Tag Archive for NPR

Blogs as Text: Sports & Pop Culture

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As a continuation of yesterday’s post, today we’ll focus on using pop culture, sports and current events blogs in the classroom.  It’s easy for me to sell any teacher on the idea of implementing blog reading that delves into current events; students need to be global citizens.  But pop culture and sports blogs can tricky.  Students need to gain more than the latest gossip and team scores.

While TMZ and Perez Hilton have their place, the blogs I’ve chosen to highlight today cover all of the same issues but with the type of style and “smarts” that makes them attractive to classroom teachers and still engaging to students.  As with anything you aren’t simply looking to entertain your students.  While offering these blogs can be part of a reading “choice” program, expectations should still remain high in terms of the social, political and cultural commentary students construct in response.

Ultimately, all of these blogs offer up “news” in varied formats but more important, they provide commentary.  Often the arguments they formulate are both relevant and engaging.  It is this type of writing that enriches student reading and knowledge.  The fact that it’s a blog simply makes it a tech forward and readily accessible choice.  Don’t forget to see our lessons for writing and annotation extensions.  They are ready to implement along with any blog driven reading assignments.  And remember, all of these are simply suggestions and starting points.  Always check The New York Times blogs for more choices.

The blogs overviewed are the best choice for offering content and commentary.  Also included but not overviewed are blogs that provide substantive information on the areas of focus and less commentary.

Current Events

Analysis & Opinion-Reuters

Anything dealing with current events demands that students read and choose based on their interests.  Reuters’ blog about current topics spans the globe and offers lenses through which to interpret the news they provide.   While posts can be challenging, they will engage students in online opinion pieces that debate global politics and the role of the U.S.

Don’t forget to examine The New York Times Room for Debate site.  While not a blog it is still an incredible useful supplement for students.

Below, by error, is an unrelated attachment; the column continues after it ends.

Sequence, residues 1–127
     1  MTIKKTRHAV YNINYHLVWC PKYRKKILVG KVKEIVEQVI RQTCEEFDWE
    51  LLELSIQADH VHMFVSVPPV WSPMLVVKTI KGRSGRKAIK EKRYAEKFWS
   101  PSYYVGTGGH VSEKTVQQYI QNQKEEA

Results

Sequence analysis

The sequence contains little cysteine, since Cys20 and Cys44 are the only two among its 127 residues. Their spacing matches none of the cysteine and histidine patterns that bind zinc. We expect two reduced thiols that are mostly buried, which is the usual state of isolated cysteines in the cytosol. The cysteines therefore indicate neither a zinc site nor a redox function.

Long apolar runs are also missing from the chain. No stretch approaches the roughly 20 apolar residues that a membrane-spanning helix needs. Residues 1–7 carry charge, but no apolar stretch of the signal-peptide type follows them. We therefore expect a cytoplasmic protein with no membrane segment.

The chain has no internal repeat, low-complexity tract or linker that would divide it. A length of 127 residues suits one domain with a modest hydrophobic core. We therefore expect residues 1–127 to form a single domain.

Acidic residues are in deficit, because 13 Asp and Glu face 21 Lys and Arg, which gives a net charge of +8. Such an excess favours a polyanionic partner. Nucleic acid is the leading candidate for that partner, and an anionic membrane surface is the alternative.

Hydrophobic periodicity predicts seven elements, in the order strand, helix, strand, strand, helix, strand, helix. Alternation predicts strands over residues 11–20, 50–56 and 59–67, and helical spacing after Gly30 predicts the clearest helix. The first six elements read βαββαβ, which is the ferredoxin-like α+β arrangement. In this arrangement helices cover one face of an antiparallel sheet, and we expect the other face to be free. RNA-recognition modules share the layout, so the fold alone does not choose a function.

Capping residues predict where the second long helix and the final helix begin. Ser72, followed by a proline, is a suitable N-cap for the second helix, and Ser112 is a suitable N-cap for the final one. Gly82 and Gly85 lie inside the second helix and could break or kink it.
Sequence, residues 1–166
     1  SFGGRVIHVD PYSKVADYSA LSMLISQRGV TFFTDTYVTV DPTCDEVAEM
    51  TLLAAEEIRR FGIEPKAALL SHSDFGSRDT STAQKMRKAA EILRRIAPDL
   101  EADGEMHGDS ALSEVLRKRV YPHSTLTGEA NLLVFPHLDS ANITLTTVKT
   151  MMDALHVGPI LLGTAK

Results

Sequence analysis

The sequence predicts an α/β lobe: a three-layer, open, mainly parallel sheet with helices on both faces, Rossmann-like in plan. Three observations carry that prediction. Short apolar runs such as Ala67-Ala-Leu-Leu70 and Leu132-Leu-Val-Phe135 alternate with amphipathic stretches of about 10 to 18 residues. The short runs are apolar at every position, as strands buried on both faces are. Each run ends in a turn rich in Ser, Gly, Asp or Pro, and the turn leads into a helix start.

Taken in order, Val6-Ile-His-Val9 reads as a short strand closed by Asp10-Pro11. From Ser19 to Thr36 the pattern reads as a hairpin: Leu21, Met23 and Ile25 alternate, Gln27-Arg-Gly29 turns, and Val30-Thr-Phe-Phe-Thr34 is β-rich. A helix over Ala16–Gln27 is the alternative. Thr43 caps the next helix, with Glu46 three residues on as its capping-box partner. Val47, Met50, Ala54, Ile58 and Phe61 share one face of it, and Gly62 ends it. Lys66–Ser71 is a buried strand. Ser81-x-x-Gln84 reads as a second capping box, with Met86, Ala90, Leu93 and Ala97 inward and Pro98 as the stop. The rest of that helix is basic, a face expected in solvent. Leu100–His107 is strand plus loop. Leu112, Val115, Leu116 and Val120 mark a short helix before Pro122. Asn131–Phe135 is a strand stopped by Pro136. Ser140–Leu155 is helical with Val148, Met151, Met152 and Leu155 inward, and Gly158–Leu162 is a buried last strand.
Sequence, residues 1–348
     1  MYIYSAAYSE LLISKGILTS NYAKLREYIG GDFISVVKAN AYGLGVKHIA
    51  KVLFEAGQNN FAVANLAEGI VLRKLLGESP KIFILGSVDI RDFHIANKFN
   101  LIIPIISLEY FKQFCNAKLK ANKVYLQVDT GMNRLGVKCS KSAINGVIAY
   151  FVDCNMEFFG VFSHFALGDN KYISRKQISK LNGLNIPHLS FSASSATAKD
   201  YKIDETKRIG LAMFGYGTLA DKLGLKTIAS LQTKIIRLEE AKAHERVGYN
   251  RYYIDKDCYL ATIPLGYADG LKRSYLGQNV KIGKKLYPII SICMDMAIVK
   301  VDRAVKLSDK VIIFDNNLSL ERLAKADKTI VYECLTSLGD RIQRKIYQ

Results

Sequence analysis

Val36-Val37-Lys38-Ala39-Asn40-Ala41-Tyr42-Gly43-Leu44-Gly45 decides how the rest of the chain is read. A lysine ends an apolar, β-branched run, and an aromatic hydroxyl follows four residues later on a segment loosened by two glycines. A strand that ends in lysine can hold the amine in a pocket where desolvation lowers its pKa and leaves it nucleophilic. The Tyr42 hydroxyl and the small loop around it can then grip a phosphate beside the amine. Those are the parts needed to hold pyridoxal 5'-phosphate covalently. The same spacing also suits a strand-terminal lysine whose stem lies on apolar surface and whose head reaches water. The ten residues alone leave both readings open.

Information driven blogs include: The Two-Way, The Lede, Global Spin

 

Sports

Sporting Scene-The New Yorker

I can’t think of a better scenario.  The New Yorker, with all its style and grace, creates a sports blog.  Every post is so well crafted you will think you stumbled upon a non-fiction treasure and your students will never stop thanking you when you tell them that they can supplement their reading with a sport blog.

Information driven blogs include: The Early Lead, ESPN Sports Blogs

 

Pop Culture

Monkey See-NPR

This is by far, one of the best pop culture blogs to use with students.  Post include thoughtful commentary on TV, film, literature, and everything else popular culture.  These blog posts don’t just identify current trending topics.  Instead, they evaluate the usefulness of these trends.  Nothing is better for teaching students argument evaluation and the larger implications of pop culture.

 

Information driven blogs include: Celebritology 2.0, Media DecoderThe TV Column

Blogs as Text: Technology & Science

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It’s easy to think that all blogs are gossip driven.  Perez Hilton rules supreme.  But most major news publications today run a significant amount of blog based content. And this content is well written.  Whether these are blogs from The Chronicle of Higher Education or The New Yorker, the goal is always the same: find good writing on interesting topics that can reach a high school audience. Consider your goal with using blogs as supplemental texts as twofold.  First, you want to provide students choice and engage otherwise unwilling readers.  Second, you want students to practice assessing and evaluating textual arguments in a variety of mediums.  Don’t forget to examine yesterday’s post in order to peruse lesson plans for writing and annotating ideas in regards to reading blogs as “texts” in the classroom.

In an effort to help “jump” start this process I’ll highlight science and technology blogs today, current events/popular cultures blogs tomorrow.  My “picks” are simply a starting point for you as you make the decision to implement more blog as supplemental reading.

The New York Times is an amazing resource for blogs.  Be sure to checkout their index before beginning any blog reading assignment.

Science & Technology Blogs

The New York Times

Bits

From apps to cyber security to the online presence of celebrities, this blog has a little bit of everything for the student interested in technology, business and policy.  Often posts even discuss big picture implications and the role of technology in society.